In a city where park space has become a critical issue in relation to Toronto's growing population, initiatives have been undertaken to alleviate some of these constraints. Back in August, John Tory announced a proposed downtown Rail Deck Park from Bathurst to Blue Jays Way south of Front Street which would bring 21 acres of much needed parkland. About 12 kilometres northwest of that proposal lies another soon-to-be rail deck park, albeit a scaled-down one. Titled Weston Rail Deck Park, this new green space is built over the rail corridor that includes the Union Pearson Express, the Kitchener GO, and VIA Rail lines. 

The UPX leaving Weston Station to Pearson Airport, image by Greg Lipinski

Yesterday, Metrolinx hosted a tour that covered the investments made by the transit agency into the neighbourhood, including the Weston Rail Deck Park and the new John Street Bridge. Arriving at Weston Station via the UPX, the tour began with a short walk down to John Street. Here, where John met the Canadian Pacific rail tracks just a few short years ago at a level crossing, is now blocked off to vehicles. In its place is a new pedestrian bridge that opened just last week, elevated above the tracks.

The newly opened John St. Bridge, image by Greg Lipinski

As part of an agreement with the City of Toronto during the Environmental Assessment six years ago for UPX, Metrolinx was to include pedestrian connectivity and have usable community space as a result of creating the physical barrier on John. This resulted in a design competition, with the winning entry's design chosen and constructed. This bridge will allow residents on the northeast side of the tracks easy access to the future community centre to be built immediately southwest of the bridge, as part of the 22 John St. proposal.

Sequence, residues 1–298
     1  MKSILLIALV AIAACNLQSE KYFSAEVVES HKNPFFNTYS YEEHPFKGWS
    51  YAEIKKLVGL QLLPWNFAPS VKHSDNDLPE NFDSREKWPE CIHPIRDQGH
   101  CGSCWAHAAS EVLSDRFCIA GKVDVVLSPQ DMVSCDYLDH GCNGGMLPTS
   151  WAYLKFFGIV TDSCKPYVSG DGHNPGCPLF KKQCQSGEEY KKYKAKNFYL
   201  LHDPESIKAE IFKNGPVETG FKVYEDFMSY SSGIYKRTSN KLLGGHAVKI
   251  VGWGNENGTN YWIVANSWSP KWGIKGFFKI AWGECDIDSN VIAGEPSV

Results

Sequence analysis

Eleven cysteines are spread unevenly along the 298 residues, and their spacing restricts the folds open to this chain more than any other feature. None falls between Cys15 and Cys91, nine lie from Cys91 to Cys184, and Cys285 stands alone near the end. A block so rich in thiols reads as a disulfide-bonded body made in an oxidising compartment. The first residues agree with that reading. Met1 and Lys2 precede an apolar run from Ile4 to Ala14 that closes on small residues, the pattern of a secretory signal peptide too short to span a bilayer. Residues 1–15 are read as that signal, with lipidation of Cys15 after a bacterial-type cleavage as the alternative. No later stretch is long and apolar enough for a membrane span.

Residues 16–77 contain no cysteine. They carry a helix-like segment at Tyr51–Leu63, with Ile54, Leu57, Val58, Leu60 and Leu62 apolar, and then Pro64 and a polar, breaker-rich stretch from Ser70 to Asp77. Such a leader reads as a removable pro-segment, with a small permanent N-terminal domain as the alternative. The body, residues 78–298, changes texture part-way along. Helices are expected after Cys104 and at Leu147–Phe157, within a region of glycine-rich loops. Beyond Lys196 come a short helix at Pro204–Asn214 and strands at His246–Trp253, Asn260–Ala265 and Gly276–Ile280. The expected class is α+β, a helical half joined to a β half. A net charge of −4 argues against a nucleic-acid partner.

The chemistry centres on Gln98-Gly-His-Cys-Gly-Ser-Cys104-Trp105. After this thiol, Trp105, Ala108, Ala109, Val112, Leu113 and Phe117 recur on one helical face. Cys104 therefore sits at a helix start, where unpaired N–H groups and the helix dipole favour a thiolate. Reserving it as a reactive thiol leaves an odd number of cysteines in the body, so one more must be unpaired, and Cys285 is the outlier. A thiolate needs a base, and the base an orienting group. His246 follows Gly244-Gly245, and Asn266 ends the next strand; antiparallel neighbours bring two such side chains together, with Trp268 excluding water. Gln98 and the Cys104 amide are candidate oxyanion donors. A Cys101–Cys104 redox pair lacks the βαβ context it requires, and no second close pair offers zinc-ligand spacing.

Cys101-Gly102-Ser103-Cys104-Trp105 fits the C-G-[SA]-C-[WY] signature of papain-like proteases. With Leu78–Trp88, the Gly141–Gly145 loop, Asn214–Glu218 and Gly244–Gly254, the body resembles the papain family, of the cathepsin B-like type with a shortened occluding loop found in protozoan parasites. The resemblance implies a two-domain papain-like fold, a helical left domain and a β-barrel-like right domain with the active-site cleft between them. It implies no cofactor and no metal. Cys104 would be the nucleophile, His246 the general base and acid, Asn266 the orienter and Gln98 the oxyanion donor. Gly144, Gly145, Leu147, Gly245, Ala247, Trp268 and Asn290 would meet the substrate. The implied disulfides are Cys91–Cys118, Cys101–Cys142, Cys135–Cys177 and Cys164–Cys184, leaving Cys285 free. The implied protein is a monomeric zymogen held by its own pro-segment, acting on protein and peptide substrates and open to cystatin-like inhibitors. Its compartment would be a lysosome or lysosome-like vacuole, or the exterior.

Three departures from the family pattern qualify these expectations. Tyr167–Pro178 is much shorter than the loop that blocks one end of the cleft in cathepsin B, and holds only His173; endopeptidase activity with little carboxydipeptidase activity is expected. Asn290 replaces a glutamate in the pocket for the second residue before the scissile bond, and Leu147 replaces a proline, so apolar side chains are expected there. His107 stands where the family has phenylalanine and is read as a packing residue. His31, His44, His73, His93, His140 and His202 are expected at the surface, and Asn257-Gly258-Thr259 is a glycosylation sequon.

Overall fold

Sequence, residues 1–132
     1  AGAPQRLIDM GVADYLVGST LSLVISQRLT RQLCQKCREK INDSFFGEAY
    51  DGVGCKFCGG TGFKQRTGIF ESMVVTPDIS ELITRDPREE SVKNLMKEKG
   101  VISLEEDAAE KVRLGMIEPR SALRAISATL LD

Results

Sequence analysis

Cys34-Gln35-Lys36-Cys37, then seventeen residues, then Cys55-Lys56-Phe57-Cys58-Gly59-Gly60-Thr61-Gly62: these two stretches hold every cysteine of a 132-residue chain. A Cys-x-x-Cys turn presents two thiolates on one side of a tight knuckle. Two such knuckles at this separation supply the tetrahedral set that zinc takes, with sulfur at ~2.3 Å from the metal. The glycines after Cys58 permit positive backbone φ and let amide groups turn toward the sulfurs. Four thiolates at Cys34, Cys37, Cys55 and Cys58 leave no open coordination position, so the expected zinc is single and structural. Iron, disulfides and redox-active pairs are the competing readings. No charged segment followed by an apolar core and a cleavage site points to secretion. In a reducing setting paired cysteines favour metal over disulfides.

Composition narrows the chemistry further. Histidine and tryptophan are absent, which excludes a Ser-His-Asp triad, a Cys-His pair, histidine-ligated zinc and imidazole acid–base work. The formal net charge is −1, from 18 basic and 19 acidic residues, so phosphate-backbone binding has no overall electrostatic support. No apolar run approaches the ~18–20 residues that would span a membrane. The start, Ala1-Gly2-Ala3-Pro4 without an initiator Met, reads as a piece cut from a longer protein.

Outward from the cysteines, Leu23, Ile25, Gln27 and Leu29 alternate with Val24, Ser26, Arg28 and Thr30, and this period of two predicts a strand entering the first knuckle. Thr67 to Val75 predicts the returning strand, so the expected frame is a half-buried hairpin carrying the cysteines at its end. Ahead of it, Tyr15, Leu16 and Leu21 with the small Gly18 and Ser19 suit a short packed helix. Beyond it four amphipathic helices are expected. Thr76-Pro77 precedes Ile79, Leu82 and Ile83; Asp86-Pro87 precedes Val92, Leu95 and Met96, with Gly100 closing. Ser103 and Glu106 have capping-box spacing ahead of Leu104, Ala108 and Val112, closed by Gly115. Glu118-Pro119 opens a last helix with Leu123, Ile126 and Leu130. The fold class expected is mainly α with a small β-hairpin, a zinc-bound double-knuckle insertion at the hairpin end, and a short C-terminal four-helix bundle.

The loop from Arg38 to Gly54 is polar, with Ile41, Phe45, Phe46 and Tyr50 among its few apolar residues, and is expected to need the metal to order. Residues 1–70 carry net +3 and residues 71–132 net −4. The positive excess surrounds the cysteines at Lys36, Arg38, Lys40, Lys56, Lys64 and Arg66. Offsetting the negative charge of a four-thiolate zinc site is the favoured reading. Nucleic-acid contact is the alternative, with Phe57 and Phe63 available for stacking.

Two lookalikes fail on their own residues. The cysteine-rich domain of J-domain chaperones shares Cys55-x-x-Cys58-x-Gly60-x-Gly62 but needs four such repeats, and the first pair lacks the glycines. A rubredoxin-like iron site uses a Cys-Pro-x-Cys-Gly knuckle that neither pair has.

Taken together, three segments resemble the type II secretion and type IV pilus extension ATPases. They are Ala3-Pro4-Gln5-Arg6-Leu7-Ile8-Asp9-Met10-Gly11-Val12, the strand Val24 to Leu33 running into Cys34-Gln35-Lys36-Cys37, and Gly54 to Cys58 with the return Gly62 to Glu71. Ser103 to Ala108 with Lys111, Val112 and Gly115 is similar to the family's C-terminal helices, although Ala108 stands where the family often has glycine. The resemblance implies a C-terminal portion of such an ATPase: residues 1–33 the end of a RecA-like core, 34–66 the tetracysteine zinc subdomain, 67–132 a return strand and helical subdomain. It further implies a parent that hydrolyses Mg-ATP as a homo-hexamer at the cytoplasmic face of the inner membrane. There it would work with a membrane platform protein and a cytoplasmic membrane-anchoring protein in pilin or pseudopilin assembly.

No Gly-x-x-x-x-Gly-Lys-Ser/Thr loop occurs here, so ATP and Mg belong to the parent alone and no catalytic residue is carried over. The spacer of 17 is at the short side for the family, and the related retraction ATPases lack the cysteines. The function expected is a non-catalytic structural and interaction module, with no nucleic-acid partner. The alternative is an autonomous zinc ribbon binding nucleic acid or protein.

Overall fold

Weston Rail Deck Park from the John St. Bridge, image by Greg Lipinski

Next, the tour proceeded along Weston Rd. to the partially completed rail deck park. The site is bounded by King and Church Streets, (many of the streets in Weston have the same name as Downtown Toronto counterparts), spans 1000 ft in length, and is about 80 ft wide, expanding up to 100 ft wide in certain areas. To the southwest of the park lays the site of the former St. John the Evangelist Catholic School, demolished a couple years ago, and soon to be rebuilt on that site. Between the school and the park is a ditch that runs the length of the parkland, to be filled in by the Toronto Catholic District School Board. Future St. John students will benefit from a new playground, with dedicated grass space that includes a soccer field. The school's playground will be fenced off from the rest of the park.

Overlooking Weston Rail Deck Park, image by Greg Lipinski

Aerial Site Plan Rendering of St. John the Evangelist Catholic School, image courtesy of IBI Group

The project underwent extensive community consultations during the planning process. Stated by Gord Troughton, Director, Kitchener Corridor Infrastructure for Metrolinx, the Parents' Committee for the school, as well as the TCDSB, both played a large part in the design. In the end, both parties say they are pleased with the new space they will be receiving. St. John's school will be rebuilt and open by 2018.

In March of 2015, the park reached a milestone when its concrete structure was formed across the site. The drainage system was also installed for both the park and the future school, while grass was laid during the summer months that followed. As it stands, with the structural component complete, the park is currently undergoing a Site Plan Approval Application with the City, where final details and specifics will be agreed to. 

Temporary fencing set up throughout the park's perimeter, image by Greg Lipinski

Metrolinx has fulfilled their requirement to the City of Toronto, and now the final plans lie with the City. Troughton states that the park could open in 2017, with various sections completed at different times. Although no set timelines have been made, one fenced area of the park will be dedicated to a dog-off-leash zone, as seen in the photo above where the stone gravel currently lies.

Barrier wall separates the CP Bolton rail tracks from the park, image by Greg Lipinski

Although just a fraction of the size of the downtown rail deck park, Weston's new park will nonetheless be a new space that residents of the neighbourhood will surely enjoy. We will keep you updated once information becomes available for the final design. In the meantime, feel free to leave a comment in the space provided below.

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